Ahmed Moussa completed his medical degree (2004) and paediatric training at Université de Montréal, Quebec, and his Neonatal-Perinatal Medicine training (2009) at University of British Columbia, Vancouver, BC. He also completed a Masters in Medical Education (2015) at Dundee University, Scotland. Dr Moussa is a neonatologist at CHU Sainte-Justine, educator and Assistant Professor of Paediatrics at Université de Montréal and medical education researcher at CHU Sainte-Justine Research Center (FRQS Junior 1). He is the program director of the Neonatal-Perinatal Medicine training program at Université de Montréal, the research director at the Mother-Child Simulation Center at CHU Sainte-Justine, and the co-director of the Health Sciences Education Research Unit at CHU Sainte-Justine. He is an active member of national and international simulation networks (Canadian Paediatric Simulation Network, International Network for Simulation-based Pediatric Innovation, Research and Education). His research focuses on simulation-based training, procedural skills and communication training. (Click to find out more.)
Carla Barroso da Costa is a professor in the department of education and pedagogy at Université du Québec à Montréal, an appointment she has held since 2015. Her research relates directly to the testing and evaluation field, and touches on issues of learning efficiency and quality as well as teaching practices, studied through quantitative research methods. Most recently, her research has addressed teacher commitment and assessment practices as they relate to learning approaches in academia. She is a current member of ADMÉE-Canada and Observatoire interuniversitaire sur les pratiques innovantes d’évaluation des apprentissages (OPIÉVA). (Click to find out more.)
Diane Leduc is a professor in the department of didactics at Université du Québec à Montréal, and the director of Observatoire interuniversitaire sur les pratiques innovantes d’évaluation des apprentissages (OPIÉVA). Her interests include university pedagogy, professor training, pedagogical practices and learning assessment, particularly within the art context. With a background in architecture and a Ph.D. in the study and practice of arts, as well as two postdoctoral trainings in the didactics of higher education, her professional background attests to her broad perspective on the various disciplines she comes in contact with. A recipient of several arts and research grants, she gets involved on a regular basis in various cultural, educational and community organizations. (Click to find out more.)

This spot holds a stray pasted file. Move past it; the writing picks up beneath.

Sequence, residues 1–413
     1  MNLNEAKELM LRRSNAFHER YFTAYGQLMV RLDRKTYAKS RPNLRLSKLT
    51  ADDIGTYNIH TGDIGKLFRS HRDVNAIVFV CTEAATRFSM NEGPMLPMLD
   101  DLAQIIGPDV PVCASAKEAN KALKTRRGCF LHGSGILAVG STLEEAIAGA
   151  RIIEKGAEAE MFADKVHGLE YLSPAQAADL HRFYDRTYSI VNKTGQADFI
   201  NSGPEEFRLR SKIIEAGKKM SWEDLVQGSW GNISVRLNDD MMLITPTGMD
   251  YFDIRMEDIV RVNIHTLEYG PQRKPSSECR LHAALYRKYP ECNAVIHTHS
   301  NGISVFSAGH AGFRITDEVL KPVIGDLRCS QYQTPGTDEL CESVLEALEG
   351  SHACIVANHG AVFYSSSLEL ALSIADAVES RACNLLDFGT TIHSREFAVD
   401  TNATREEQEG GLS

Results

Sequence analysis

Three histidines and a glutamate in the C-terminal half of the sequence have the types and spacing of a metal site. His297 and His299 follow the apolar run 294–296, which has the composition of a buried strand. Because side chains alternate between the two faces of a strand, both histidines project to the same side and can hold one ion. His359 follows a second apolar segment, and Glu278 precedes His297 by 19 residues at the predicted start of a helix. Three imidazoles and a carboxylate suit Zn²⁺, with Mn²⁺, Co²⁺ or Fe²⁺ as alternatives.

Gilles Raîche is a professor in the department of education and pedagogy at Université du Québec à Montréal, an appointment he has held since 2004. He was previously director of the Mesure et évaluation en éducation journal, then editor-in-chief of Revue des sciences de l’éducation, and is now in charge of the “Mesure et évaluation” collection at Presses de l’Université du Québec. He was also director of the Ph.D. in education program at Université de Moncton, and director of the master’s degree in education program at Université du Québec à Montréal. He is currently director of Collectif pour le développement et les applications en mesure et évaluation (Cdame). He is particularly interested in the development and applications of nonlinear factor analysis, as informed by item response theory. This area of interest includes adaptive testing and inappropriate response pattern detection. (Click to find out more.)
Isabelle Nizet is an associate professor in the department of pedagogy in Université de Sherbrooke’s faculty of education. In charge of the assessment courses aimed at practicing teachers and future secondary school teachers, she also provides university professors and lecturers with skill assessment training.
Her work deals with the development of individual assessment-related knowledge on every level of education. She is actively involved in the continuous training of teachers working in the Quebec adult education sector, a field in which she has a renowned expertise.